There was probably a time when I would’ve had a hard time admitting just how much I like this album. That time is in the past, and Brand New Eyes is a great record, finding Paramore more mature, better songwriters, and frontman Williams an increasingly formidable force. It stands as by far my favorite Paramore record, and I think the band was at the top of their game for its majority. It’s a shame it was the last to feature the original line-up, but it marks the finest chapter in the band’s career, even if what followed was an uncertain future. It’s great to see Paramore succeeding in 2017 with the hugely successful After Laughter, but it seems important when considering that record to consider this one also. Brand New Eyes is a record that is consistently great, and there isn’t really a dud track on here. From the offset, it comes out swinging, and then delivers hit after hit. It solidified Paramore as the most essential emo-pop band of that period, capable of delivering catchy, hook-filled songs with huge lyrical heart. It knows that it’s a good record, carrying a swagger dashed in self-confidence – partly due to William’s magnetism as a frontwoman. She kills it on this record.
Released: 2009 Label: Fuelled By Ramen
Variant: 1st press /NA Purchased from: srcvinyl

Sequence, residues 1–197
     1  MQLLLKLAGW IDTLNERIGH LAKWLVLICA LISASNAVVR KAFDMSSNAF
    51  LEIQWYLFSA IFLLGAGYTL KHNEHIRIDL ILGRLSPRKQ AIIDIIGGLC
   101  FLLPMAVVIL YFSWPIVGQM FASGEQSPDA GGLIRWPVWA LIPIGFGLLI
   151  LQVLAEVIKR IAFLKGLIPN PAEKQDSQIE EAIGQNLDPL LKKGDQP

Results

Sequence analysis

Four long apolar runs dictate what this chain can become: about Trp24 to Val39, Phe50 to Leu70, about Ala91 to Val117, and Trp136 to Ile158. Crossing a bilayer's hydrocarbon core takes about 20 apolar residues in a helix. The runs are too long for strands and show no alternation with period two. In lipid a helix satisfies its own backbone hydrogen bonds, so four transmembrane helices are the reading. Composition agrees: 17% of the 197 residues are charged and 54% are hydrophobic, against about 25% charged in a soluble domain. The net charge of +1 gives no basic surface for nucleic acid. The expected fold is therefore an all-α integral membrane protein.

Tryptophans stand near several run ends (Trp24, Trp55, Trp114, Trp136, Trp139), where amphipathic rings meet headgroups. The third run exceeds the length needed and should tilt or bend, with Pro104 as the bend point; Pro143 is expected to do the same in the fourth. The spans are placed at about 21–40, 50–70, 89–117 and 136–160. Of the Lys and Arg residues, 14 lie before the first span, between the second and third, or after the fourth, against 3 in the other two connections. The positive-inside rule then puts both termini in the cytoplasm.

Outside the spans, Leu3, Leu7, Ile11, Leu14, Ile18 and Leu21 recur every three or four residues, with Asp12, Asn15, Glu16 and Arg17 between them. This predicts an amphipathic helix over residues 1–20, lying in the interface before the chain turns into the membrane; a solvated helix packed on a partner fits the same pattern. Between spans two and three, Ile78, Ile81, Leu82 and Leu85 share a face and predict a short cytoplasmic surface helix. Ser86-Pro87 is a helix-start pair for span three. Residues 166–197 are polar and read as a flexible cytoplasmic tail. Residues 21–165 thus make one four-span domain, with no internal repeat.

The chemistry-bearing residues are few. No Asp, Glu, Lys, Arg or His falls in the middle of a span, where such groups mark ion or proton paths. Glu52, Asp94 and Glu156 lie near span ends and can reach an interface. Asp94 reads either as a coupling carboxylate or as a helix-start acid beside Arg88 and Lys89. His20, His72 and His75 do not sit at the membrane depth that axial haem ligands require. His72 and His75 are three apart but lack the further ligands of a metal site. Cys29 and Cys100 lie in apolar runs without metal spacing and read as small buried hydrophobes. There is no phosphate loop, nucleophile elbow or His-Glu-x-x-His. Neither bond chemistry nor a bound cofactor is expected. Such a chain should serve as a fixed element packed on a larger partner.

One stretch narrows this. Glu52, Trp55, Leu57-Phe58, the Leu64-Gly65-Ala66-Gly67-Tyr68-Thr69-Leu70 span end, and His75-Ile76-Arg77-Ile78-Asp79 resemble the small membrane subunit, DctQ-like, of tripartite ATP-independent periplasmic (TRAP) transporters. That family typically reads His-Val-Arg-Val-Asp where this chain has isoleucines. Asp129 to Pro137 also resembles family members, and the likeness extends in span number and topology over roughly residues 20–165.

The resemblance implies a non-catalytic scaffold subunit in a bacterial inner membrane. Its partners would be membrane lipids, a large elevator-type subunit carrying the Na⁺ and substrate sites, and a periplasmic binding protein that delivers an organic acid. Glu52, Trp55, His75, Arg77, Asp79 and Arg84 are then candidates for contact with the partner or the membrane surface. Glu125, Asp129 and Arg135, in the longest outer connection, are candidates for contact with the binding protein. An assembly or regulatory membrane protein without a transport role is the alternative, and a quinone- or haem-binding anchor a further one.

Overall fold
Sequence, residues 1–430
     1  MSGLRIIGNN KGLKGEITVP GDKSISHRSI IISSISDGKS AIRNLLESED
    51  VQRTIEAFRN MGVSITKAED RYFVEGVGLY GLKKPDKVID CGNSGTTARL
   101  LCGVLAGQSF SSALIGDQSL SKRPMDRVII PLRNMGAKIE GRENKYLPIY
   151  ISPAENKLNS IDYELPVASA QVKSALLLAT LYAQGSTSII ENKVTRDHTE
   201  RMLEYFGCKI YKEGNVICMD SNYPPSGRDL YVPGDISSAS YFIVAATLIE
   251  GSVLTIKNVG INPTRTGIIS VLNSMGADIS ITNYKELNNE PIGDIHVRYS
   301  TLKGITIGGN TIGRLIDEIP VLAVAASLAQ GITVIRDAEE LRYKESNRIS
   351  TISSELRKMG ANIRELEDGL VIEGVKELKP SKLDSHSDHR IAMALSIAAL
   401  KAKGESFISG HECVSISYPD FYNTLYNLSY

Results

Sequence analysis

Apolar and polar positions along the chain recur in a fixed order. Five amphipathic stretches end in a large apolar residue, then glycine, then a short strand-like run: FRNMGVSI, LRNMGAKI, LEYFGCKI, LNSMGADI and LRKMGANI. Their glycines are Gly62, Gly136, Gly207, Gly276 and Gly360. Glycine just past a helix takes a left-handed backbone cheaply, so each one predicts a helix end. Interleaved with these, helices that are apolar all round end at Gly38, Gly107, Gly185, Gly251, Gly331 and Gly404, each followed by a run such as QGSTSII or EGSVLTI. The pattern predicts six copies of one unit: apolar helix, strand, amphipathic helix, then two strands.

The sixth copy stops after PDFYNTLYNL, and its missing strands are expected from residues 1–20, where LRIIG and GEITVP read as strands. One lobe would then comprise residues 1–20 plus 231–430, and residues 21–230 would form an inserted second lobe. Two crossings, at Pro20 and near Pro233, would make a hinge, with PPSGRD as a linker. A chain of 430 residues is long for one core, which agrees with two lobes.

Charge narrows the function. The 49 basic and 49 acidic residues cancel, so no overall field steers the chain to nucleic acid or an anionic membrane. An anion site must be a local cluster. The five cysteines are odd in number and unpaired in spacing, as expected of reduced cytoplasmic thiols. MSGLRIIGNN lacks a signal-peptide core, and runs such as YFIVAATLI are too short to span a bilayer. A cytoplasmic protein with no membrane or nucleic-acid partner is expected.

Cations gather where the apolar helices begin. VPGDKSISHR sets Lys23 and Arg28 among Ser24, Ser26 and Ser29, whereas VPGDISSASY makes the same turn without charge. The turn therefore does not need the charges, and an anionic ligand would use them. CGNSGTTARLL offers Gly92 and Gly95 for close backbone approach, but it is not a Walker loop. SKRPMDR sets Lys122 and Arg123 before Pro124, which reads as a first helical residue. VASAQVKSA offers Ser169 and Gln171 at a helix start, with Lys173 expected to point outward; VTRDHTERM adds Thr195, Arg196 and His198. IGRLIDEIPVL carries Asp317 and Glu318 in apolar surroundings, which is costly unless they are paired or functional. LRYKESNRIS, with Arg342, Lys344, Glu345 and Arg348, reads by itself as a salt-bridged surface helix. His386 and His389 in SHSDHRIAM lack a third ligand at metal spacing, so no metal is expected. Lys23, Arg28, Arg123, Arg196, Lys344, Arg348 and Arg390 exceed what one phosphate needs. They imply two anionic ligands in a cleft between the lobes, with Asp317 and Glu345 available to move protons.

As a collection of songs, Brand New Eyes is the best thing Paramore have ever done, and may ever do. It’s razor-sharp lyrically and instrumentally strong, polished with slick production and drizzled with sugar-sweet charm. It’s an infectious listen, ridiculously catchy, and it says a great deal about the album that I still remember every word, even though I haven’t listened to it consistently for a number of years now. Paramore’s third record has rooted itself in my memory, and it’s highly unlikely that it’ll be displaced anytime soon. Listening to it as I write this, it still hits all of the right notes – Brick By Boring Brick just as cinematic as it always was, while Turn It Off still delivers one of the best choruses the band has ever put to record. Elsewhere, closer All I Wanted sounds suitably huge, while the stripped back The Only Exception is a delightfully poignant addition. Brand New Eyes doesn’t really do anything wrong, one of those rare records on which everything seems to fall neatly into place. It was a coming-of-age record for a band who came to fruition in the spotlight, and it showcased a different side to the band, who had transitioned from pop-punk upstarts to genre-bests almost overnight. If it was created during turbulent time behind the scenes, Brand New Eyes is gloriously triumphant. I’m cool with admitting that.